Feature Stories

Atlas Welding Supply Company: 75 Years

 

Atlas Welding Supply Company was originally founded as Temerson & Son in 1944. The Temerson family had a scrap business and found that many of their suppliers needed gases and cutting materials to cut the scrap. Temerson became an Airco distributor and planted the seeds for what would eventually become Atlas Welding Supply Company.

The company officially changed its name in 1978 when the Temersons sold the business to an employee, Jack Englebert. Jack, who approached his largest customer, Cain Steel, run by J.M. Cain, to partner in the transaction, changed the company name to Atlas Welding Supply Company and ran the day-to-day operations of the company until 2008, when he retired.

When J.M. Cain passed away, his equity of the business went into a trust managed by his sons. When Englebert decided to retire and sell the business, J.M.’s son, James Cain, who was working in finance, began negotiating a deal with Bill Visintainer to purchase Atlas.

“I was going to buy the business as the sole owner,” says Bill. “At the last minute, James threw me a curveball. He said, ‘I love your vision and your plan for growth, and I’d like to be your partner on this.’ He came from a financial background and could handle the finances and HR component which would allow me to focus on sales and operations.”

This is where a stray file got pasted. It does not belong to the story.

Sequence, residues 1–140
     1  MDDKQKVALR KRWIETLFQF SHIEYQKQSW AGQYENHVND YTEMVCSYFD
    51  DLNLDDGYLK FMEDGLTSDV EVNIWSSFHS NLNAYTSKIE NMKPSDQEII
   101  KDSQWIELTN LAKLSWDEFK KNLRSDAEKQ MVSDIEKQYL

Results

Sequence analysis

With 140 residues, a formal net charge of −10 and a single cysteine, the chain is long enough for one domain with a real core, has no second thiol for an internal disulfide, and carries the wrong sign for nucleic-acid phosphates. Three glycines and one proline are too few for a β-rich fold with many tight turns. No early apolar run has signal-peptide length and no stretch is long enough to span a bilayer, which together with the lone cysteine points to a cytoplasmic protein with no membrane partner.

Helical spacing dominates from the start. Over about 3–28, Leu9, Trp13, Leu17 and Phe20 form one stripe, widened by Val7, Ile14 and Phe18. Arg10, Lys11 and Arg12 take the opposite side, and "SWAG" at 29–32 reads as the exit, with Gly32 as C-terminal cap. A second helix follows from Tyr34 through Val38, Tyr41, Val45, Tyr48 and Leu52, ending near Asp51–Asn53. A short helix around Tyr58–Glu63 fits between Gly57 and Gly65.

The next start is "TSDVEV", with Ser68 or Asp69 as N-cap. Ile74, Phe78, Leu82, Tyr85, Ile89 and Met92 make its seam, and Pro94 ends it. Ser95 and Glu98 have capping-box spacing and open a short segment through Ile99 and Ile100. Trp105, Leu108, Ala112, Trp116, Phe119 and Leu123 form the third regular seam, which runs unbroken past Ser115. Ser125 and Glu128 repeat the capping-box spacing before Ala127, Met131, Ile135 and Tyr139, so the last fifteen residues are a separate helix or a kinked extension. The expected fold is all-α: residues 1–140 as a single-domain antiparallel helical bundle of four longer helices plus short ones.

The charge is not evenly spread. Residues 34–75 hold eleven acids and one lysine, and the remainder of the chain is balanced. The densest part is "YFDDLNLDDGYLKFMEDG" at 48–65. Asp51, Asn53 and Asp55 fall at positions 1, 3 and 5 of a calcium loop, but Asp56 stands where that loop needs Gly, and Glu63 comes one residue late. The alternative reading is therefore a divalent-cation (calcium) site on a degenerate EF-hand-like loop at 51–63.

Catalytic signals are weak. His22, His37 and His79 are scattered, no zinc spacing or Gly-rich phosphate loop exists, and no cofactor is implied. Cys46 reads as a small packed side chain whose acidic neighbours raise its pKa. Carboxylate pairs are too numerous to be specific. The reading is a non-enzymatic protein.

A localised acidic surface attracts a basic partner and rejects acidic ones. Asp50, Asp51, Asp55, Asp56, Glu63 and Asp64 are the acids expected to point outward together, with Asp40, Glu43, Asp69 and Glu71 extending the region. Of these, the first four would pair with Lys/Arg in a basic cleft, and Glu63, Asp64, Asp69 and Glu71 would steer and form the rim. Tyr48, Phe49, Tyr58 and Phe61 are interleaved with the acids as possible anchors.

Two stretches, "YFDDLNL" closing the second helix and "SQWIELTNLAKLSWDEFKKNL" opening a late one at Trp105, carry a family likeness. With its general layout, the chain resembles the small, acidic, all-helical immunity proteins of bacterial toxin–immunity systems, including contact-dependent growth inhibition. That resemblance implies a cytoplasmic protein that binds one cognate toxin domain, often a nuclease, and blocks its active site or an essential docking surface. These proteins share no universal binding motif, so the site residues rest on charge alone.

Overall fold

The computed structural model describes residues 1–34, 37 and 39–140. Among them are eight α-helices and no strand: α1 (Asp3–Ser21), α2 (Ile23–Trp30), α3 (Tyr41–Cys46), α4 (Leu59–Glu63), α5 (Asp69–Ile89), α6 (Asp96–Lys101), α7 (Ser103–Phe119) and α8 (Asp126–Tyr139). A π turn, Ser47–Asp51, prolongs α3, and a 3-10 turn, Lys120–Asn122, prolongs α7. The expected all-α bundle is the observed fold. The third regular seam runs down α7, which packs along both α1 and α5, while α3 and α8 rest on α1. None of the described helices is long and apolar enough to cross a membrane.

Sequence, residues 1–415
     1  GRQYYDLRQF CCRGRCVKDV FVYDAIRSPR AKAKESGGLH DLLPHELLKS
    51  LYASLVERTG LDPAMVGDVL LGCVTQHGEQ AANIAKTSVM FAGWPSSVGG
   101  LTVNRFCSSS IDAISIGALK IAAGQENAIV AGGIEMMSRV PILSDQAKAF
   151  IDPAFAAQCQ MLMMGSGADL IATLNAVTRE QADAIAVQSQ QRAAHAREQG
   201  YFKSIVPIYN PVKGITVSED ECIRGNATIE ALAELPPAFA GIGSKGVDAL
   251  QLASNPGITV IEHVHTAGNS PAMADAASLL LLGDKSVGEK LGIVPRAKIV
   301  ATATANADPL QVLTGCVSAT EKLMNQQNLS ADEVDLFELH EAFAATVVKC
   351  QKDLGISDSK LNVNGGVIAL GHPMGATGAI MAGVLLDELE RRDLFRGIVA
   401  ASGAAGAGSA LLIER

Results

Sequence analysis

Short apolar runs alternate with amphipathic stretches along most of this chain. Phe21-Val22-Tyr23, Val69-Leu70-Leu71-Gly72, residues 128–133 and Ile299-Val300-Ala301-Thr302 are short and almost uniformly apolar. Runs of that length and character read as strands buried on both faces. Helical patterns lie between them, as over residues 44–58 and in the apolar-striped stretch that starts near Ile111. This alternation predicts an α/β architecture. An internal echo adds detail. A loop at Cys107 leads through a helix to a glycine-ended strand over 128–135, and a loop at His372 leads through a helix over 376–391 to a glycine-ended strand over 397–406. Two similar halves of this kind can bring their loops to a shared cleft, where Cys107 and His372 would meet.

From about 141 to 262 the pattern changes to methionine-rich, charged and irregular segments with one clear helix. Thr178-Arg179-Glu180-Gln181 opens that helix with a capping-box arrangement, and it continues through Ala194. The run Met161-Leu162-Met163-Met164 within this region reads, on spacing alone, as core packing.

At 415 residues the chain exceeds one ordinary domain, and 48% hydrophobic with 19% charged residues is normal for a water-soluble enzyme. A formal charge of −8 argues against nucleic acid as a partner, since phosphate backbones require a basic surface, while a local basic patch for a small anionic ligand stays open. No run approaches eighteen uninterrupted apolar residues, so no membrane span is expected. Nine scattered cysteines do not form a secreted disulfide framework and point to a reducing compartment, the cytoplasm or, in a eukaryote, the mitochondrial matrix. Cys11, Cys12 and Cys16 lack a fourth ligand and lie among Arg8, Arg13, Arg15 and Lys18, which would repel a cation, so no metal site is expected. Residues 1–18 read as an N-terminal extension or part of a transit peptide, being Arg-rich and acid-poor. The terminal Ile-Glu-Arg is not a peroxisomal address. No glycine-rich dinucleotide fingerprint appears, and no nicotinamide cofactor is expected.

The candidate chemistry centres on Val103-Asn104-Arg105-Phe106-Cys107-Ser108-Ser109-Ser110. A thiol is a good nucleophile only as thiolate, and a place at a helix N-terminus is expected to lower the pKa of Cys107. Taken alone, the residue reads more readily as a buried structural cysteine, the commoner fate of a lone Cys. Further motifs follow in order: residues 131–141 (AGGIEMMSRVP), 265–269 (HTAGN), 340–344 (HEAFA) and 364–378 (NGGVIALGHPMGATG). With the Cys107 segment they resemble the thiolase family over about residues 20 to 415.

James went from looking to sell the business to becoming an active partner with Visintainer. It was then that the two men began to implement an aggressive growth strategy for Atlas, which, up until that point, had been driven mostly by a core group of fiercely loyal customers.

“I would say since 1978, sales probably doubled over those 30 years,” says James Cain. “The previous ownership was content being a niche player and maintaining the customer base that they had. When Bill and I took over we charted a different course. We were interested in growing and tackling new horizons.”

Cain and Visintainer took over the company during a paradigm shift for the industry. At the time that they bought Atlas, the sales breakdown was about 15% gases and 85% hardgoods. Part of Atlas’ growth strategy was to offer more solutions, including a concentrated effort on increasing the gas side of the business.

“This industry is all about becoming more efficient,” says Cain. “Improved efficiency, improved safety, reducing overall cost. We’ve been fortunate to work with vendor partners who have been very supportive of us. We’re loyal to our customers and also to our vendor partners.”

Visintainer adds, “We’re not going to be the largest customer to our vendor. Some of our competitors are doing hundreds of millions or even billions in sales per year. But we can be the most loyal and we can add the most value. If we can continue to add value and solve our customers’ biggest challenges, we will continue to grow and thrive.”

As Atlas celebrates 75 years, the company looks to continue to expand on the strides they’ve made in the last decade. The company will celebrate its milestone with an open house during the week of the Alabama vs LSU football game. More than 600 people are expected to attend.

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